ROTHER could be left without a manned tourist information office next year.
Rother District Council looks set to slash its annual budget for the service from £65,000 to £30,000 - which will mean it cannot afford to maintain a face-to-face service.
In 2011 tourism in Battle was dealt a blow when the local authority announced plans for one ‘hub’ Tourist Information Centre in either Battle, Rye or Bexhill.
Despite Battle boasting one of the most important sites of historical significance in the country, Rother opted for Rye.
Smaller satellite offices were set up in Yesterdays World in Battle and the No 48 cafe in Devonshire Road, Bexhill, with dedicated phonelines linked to the hub centre in Lion Street.
But now the manned service in Rye may be at risk if Rother councillors vote to re-tender the tourist information service with the revised budget.
A decision on the future of the Tourist Information Centre is due to be made at a Rother District Council cabinet meeting on Monday.
In a risk assessment statement, Anthony Leonard, executive director of business operations at RDC, warned councillors that the authority would not be able to maintain a face-to-face service with a £30,000 budget.
He said: “Members should be aware that given the reduced budget level it will not be possible to maintain a face-to-face information service beyond March 2015.
“A restructured service is likely to be limited to maintaining the existing ‘satellite’ information points and leaflet points, possibly with some telephone and/or email cover; however this will largely depend on the bids coming forward.
“At the present time it is not possible to anticipate the likely level of operator interest.”
The Rye centre is currently run by Tourism South East (TSE).
Rother recently offered Rye Town Council the opportunity to take over responsibility of the tourist information hub.
But the council turned down the offer and criticised the centre.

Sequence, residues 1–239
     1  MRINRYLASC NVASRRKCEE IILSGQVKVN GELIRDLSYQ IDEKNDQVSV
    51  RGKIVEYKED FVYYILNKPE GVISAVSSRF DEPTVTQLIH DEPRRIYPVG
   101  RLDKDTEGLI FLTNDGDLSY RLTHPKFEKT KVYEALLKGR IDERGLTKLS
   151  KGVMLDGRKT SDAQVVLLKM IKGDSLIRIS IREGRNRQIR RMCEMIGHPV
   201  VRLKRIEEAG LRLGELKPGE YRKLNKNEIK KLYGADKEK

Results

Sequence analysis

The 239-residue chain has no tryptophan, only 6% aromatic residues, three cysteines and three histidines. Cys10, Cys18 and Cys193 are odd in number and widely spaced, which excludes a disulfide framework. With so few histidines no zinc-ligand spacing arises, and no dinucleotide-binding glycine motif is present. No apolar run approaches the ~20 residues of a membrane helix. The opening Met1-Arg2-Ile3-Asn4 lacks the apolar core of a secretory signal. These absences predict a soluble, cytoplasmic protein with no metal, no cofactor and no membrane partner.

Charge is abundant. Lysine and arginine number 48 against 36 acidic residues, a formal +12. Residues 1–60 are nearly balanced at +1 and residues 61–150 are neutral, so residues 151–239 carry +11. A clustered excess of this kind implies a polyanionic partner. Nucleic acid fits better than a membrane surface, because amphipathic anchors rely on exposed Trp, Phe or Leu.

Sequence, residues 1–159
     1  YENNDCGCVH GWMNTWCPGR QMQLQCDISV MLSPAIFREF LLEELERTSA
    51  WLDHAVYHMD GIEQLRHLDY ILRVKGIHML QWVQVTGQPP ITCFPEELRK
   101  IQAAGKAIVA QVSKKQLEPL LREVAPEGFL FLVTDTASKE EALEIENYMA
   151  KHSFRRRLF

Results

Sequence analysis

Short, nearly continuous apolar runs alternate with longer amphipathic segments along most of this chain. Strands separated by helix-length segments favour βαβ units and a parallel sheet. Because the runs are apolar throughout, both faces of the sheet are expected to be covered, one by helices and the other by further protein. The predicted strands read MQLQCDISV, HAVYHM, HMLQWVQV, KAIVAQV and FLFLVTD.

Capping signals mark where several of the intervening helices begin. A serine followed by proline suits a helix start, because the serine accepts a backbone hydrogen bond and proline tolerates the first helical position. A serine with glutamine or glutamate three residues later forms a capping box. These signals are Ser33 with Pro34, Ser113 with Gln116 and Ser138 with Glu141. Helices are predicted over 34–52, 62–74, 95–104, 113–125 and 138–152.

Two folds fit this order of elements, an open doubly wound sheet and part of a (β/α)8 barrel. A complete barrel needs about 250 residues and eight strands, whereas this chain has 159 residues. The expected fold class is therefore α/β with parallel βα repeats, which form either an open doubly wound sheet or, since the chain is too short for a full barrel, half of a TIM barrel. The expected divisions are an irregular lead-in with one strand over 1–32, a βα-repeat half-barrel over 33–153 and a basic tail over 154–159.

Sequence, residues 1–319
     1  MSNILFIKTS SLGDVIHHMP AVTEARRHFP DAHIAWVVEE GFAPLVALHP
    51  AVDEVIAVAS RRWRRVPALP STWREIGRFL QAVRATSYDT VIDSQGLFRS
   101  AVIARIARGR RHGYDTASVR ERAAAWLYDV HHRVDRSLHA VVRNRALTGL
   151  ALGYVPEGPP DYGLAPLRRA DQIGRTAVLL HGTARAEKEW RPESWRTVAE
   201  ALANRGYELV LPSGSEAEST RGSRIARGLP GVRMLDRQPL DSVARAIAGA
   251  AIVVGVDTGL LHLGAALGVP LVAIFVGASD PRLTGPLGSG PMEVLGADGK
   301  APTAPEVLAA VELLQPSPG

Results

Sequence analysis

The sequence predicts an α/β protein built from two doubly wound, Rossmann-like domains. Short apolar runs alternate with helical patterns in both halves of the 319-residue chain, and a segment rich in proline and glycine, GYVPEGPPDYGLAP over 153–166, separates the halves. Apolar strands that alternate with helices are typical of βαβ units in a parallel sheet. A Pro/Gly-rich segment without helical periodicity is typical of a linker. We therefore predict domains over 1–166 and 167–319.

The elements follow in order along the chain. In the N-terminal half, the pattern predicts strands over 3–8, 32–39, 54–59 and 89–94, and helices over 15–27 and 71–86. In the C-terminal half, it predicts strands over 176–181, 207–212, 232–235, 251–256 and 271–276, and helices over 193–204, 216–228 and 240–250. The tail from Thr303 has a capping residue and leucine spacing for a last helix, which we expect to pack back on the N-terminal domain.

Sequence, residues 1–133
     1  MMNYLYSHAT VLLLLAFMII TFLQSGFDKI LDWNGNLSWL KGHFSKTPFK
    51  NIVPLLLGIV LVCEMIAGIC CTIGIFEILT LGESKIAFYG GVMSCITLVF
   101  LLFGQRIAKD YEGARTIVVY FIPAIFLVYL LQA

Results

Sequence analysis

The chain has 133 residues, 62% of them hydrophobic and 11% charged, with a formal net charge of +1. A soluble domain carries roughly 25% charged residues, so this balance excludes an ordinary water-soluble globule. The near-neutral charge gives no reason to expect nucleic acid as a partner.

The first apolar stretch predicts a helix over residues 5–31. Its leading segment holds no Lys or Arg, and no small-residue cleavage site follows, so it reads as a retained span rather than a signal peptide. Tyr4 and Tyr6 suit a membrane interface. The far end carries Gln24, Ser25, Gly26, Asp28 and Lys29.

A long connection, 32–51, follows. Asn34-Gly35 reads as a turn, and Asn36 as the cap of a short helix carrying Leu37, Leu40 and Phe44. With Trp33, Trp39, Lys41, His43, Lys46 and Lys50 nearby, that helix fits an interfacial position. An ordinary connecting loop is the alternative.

The council already runs the successful Heritage Centre at Strand Quay.
Speaking at a recent council meeting, Heritage Centre manager Peter Cosstick said: “Financial performance data for Lion Street is one of the key things and none has been provided.
“Yet the tender document, when Tourism South East took over, clearly stated that this was required.
“They can offer no break down on costs or what is spent on postage.
“There is a huge question mark over the accuracy of reported footfall.
“They have one phone and yet they are responsible for Rye, Battle and Bexhill.
“The telephony system is not sophisticated enough to log abandoned calls and there is not even an ansa-phone system. People just get the engaged tone. It is pretty poor.
“The information we have had from them is virtually non-existent. It is pretty awful.”
When RDC first made the decision to downgrade Battle’s Tourist Information Centre, Dale Cromwell, vice president of the town’s Chamber of Commerce, branded it ‘a massive disappointment’.
He expressed fears the town could lose vital tourism revenue as a result of the move.
Speaking to the Observer this week, Dale said: “They just keep chopping the corners off again and again.
“It’s disappointing because we keep having to adapt to this.”
He added: “It’s good that there is still going to be some budget for it but it would be better if they had taken this decision a couple of years ago.
“It’s just a massive waste of everyone’s time.”
RDC’s contract with Tourism South East is due to come to an end in March 2015.